You do not uniquely gain the ability to use weapon enhancements by doing this. You could do that already, via a Necklace of Natural Weapons or a Scorpion Kama, among other options.

  • \$\begingroup\$ The masterwork item bit is a problem in 3.5, though you have a good point about weapon enhancements arguably being “effects” that should be legal on a monk’s unarmed strikes. The point is somewhat moot, since the necklace of natural attacks from Savage Species explicitly allows you to enhance natural weapons (like the unarmed strike) as a weapon, for only a small premium (300 gp, IIRC), which I suggest you mention in your answer. The scorpion kama from Magic Item Compendium can also be upgraded as desired, and its base damage can be your unarmed strike damage. \$\endgroup\$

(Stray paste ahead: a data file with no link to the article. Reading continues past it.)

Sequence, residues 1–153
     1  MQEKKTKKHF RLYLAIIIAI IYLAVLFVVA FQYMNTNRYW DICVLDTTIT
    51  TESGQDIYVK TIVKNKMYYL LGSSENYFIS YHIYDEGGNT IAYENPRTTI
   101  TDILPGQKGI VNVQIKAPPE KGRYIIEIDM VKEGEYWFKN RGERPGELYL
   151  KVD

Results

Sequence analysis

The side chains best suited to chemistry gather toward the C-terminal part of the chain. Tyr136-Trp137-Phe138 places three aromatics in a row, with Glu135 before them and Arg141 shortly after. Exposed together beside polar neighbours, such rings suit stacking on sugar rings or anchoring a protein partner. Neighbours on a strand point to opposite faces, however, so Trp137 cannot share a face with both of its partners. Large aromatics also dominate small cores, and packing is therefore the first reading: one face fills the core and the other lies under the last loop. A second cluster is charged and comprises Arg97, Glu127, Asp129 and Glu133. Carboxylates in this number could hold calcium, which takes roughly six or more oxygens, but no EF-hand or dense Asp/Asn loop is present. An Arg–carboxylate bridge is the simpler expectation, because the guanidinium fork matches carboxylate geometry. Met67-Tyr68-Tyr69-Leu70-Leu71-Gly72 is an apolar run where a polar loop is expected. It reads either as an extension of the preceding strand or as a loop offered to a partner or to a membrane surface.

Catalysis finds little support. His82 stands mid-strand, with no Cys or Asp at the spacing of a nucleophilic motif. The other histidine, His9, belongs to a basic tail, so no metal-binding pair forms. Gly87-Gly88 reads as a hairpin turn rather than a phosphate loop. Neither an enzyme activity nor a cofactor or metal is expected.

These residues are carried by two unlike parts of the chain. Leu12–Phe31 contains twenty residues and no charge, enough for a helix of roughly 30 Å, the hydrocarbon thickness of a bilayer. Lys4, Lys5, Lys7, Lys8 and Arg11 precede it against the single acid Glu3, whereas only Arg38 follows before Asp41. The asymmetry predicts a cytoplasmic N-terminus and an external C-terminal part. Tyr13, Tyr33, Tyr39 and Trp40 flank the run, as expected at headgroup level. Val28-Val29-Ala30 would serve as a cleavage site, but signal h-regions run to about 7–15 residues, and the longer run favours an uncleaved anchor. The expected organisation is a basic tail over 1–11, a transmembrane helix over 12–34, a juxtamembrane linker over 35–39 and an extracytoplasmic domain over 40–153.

– KRyan
    Dec 6, 2014 at 14:46
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    \$\begingroup\$ But I disagree with your assertion about the wizard being able to provide eight different highly-enhanced weapons by level 9. At least as many campaigns are substantially below WBL are as above it (sadly), and crafting eight +2-equivalent weapons requires nearly 90% of 9th-level WBL – so unless your campaign is at twice WBL or more, that seems like an unreasonable investment, and I don’t see games with that much money thrown around often. And I don’t see that as being enough to even make the monk a decent melee fighter, as you claim. Especially if the other warriors have that money, too. \$\endgroup\$
    – KRyan
    Dec 6, 2014 at 14:52
  • \$\begingroup\$ @KRyan Yes the other warriors have that money, but once money is not the limiting factor the monk benefits more. As for why high-optimization games tend to break WBL by massive amounts, ask a separate question. \$\endgroup\$ Dec 6, 2014 at 21:18